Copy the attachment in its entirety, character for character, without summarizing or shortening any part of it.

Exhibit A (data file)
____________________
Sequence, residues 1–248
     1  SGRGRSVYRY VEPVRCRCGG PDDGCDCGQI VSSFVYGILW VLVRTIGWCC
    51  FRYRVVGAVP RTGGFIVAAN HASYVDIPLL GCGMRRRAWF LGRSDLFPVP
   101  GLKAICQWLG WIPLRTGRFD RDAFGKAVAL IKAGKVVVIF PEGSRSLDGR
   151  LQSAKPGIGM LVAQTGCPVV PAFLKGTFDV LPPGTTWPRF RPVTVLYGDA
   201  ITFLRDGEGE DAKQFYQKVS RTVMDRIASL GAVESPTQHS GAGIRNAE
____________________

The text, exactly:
Sequence, residues 1–248
     1  SGRGRSVYRY VEPVRCRCGG PDDGCDCGQI VSSFVYGILW VLVRTIGWCC
    51  FRYRVVGAVP RTGGFIVAAN HASYVDIPLL GCGMRRRAWF LGRSDLFPVP
   101  GLKAICQWLG WIPLRTGRFD RDAFGKAVAL IKAGKVVVIF PEGSRSLDGR
   151  LQSAKPGIGM LVAQTGCPVV PAFLKGTFDV LPPGTTWPRF RPVTVLYGDA
   201  ITFLRDGEGE DAKQFYQKVS RTVMDRIASL GAVESPTQHS GAGIRNAE